So what's the hassle of maintaining an 18 foot round body of water in your back yard?   You'll need a GFI outlet to power the pool filter.  Ours is a cartridge filter with a Chlorinator attached.   In theory, I need only keep the Chlorinator stocked with Chlorine tablets, and take out the cartridge once in a while to rinse the gunk off of the filter element.   And every few years a replacement cartridge is a nice treat to assure the pool that you still love it.  Current price on a small bucket of Chlorine tablets is about $25.   A replacement cartridge is about $50.   But the local pool supply store this year is no longer selling the same brand of filter as the one he sold to us.   The in-stock cartridges don't have the same model numbers as they used to.   I've got to haul the drippy wet dirty cartridge on another trip to the pool store to try to find a match to it.   Imagine my delight.

But the pool chemicals don't stop with only chlorine.   You need a little pool chemistry test kit to keep an eye on the water.   This year we got a bottle of test strips that seems a lot easier to use then the add 3 drops of this liquid to a vial of water and match the colors after you give it a shake.   Then add 3 drops of another liquid to another vial of water and match the colors to a different chart.   Then count the drops you need to add to the first vial to wipe out the color.   And at this point I'll confess that over the winter the instructions for the test kit were lost, so I'm not quite sure what to do with some of the test liquids.  The general idea is to adjust the water's Ph to a slightly alkaline reading, and to make sure there's enough buffering alkaline molecules in the water to protect against sudden swings in Ph level.   They'll sell you powder to add to raise the Ph, another powder to add to lower the Ph, and another to condition the Ph by providing additional buffering.

Wait, there's more:   There's Green-out, strong chlorine to shock the pool to clear it of algae, but then you have to close the pool until the chlorine level drops back down to a safe level.  $8 for a 1 lb bag.   Buy 2 and get 1 free.   For an 18-foot round pool, I was told to throw in 3 pounds to get the pool started this year.  But there were a lot of leaf particles in the water (because I'm past due for a replacement filter cartridge) and the organic matter in the water seemed to instantly gobble up the chlorine.   Even 3 pounds of "shock" didn't raise the chlorine level to "keep everyone out of the pool this afternoon" levels.  Oh, and you might also want to have a bottle of "Golden Glop" water clarifier and maybe a bottle of algacide.   Not exactly an organic approach to maintaining the water quality.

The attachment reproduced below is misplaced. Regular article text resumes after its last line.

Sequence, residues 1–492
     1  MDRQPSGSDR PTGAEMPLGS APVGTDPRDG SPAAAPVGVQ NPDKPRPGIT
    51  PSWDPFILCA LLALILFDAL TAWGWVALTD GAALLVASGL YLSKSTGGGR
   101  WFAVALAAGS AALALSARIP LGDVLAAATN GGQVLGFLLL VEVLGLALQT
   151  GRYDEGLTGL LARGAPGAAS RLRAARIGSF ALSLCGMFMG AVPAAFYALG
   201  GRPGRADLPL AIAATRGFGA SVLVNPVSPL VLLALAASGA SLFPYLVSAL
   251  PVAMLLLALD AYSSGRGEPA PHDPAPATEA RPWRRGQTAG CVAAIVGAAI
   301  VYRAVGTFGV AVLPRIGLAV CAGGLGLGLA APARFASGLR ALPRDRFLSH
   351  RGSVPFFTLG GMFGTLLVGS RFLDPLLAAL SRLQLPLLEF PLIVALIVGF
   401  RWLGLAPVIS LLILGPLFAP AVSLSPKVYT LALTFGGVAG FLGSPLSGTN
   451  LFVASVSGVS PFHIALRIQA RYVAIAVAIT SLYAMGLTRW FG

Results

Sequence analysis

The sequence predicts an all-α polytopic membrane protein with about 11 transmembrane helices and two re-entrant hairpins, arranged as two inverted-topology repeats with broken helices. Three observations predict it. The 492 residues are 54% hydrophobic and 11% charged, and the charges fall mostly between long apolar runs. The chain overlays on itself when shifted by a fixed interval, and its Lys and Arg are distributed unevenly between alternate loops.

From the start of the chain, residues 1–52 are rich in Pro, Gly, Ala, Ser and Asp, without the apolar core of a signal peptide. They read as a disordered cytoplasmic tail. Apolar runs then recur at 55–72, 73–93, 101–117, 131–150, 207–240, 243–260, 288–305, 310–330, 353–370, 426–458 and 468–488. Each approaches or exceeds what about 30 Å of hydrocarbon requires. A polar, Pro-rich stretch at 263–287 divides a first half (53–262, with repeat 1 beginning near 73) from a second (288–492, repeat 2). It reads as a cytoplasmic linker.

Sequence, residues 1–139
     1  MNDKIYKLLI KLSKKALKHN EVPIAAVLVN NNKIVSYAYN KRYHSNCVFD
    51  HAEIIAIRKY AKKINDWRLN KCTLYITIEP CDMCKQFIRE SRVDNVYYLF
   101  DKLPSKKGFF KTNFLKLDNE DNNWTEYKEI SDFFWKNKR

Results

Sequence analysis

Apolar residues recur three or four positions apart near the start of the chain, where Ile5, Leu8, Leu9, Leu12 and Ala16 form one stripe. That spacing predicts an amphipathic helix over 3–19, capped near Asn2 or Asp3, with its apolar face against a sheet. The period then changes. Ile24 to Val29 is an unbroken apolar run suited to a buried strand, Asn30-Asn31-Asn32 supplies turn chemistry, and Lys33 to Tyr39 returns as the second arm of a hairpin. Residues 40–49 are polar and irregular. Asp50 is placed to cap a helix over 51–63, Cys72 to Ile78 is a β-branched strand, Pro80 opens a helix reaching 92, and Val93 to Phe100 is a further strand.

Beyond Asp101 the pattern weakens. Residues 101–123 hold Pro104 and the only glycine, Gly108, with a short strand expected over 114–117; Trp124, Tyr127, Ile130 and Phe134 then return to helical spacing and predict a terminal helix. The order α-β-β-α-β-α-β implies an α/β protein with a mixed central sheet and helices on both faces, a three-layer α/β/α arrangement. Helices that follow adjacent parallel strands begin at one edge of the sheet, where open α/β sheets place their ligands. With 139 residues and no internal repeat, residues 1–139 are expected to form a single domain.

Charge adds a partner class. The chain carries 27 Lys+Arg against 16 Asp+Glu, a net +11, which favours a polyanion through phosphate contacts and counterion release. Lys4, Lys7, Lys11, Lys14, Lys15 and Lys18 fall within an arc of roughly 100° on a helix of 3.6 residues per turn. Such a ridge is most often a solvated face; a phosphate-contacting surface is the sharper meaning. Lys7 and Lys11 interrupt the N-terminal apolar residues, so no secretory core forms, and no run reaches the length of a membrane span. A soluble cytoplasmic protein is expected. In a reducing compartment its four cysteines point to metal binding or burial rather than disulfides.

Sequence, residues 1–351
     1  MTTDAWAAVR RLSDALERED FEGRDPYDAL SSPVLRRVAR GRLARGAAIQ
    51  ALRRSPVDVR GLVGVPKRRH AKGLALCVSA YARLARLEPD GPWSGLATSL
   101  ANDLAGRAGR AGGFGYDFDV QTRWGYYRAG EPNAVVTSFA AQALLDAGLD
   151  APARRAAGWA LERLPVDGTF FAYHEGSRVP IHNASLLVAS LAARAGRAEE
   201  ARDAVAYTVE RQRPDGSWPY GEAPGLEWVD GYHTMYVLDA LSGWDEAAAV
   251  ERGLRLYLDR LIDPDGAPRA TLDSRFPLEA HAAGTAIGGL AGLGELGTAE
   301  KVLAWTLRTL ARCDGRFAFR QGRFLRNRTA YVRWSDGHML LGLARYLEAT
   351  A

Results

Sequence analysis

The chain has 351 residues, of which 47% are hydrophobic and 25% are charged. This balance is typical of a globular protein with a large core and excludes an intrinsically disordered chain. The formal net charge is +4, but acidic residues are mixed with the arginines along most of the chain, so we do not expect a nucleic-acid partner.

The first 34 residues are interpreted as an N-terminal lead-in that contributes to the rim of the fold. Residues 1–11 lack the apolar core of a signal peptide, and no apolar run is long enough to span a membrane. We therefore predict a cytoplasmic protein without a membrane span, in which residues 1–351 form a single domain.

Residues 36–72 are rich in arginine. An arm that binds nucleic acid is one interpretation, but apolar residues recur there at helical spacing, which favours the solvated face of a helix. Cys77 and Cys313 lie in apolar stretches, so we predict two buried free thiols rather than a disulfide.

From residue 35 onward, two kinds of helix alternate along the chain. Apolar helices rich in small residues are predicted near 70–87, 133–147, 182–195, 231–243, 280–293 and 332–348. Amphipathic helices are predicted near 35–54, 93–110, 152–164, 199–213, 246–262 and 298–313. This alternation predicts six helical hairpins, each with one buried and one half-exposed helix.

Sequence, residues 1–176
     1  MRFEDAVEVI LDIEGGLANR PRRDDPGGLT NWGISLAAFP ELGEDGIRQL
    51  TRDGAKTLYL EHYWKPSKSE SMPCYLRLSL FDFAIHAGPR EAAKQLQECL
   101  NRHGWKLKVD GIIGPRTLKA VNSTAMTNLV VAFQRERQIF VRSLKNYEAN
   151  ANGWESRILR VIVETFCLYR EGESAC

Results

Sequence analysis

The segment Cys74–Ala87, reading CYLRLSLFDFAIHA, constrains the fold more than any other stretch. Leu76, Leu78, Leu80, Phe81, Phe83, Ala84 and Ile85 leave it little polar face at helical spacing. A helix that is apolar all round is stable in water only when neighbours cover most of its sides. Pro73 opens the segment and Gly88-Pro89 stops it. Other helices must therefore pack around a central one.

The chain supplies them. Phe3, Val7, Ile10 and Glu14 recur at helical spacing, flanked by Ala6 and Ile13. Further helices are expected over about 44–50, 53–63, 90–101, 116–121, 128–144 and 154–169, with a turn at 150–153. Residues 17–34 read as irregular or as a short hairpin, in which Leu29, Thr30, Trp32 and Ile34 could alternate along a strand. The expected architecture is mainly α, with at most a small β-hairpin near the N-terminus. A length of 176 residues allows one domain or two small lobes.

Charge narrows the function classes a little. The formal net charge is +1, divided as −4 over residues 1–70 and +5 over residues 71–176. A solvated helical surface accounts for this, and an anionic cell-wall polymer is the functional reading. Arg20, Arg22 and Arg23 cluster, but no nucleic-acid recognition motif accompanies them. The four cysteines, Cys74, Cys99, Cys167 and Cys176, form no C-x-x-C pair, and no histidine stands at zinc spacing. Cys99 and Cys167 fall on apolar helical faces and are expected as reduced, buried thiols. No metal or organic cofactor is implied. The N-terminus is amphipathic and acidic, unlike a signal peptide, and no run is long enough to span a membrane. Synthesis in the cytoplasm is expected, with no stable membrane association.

With each passing day of skimming leaves and bugs out of the water, the idea of getting a swim club membership is looking more and more attractive.    And with each expensive trip to Island Recreational for supplies and parts, a swim club membership is looking more and more affordable (and that's before trying to tally up the price of electricity to run the filter).

I drafted this cautionary tale late in the summer of 2009.  Cold weather arrived and I was able to ignore the pool and the draft of this essay for mercifully many months.  Now that the ice is gone from the pool, fixing the GFI on the post next to the pool filter pump is weighing on my mind and it seemed time to post this entry to my blog in case anyone maybe comes along online to read it.

Dissenting opinions are welcome.   Post comments or send me email (  Have a great summer!


Monday, March 8, 2010

Increasing Innovative Work Behavior

Increasing Innovative Work Behavior

Pretty much random travels on the web this morning brought me to an interesting little presentation on Increasing Innovative Work Behavior by  Gisela Jönsson.    The slide show is on her blog,, and though the slide show is in English, her blog is mostly in Swedish, which I can't read.  So, for all I know, she may have lots of other wonderful things to say, but they whizzed right by my English-only head.

As summarized on her opening slide:

Fear does not make fertile soil for ideas.  To succeed at innovation, you must learn to embrace failure.

The posting I'm recommending is dated 3/7/2010.  Based on this sample of 1, I'm impressed with the results she got from using the presentation tool, which I confess I hadn't heard of before.  I'd have been happier if I could have figured a way to snag a copy of her slide show instead of having to depend on the lifespan of the URL I referenced for you to be able to see Gisela's slide show.  Anyhow, enjoy.

A link to another place for her slide show outside her blog: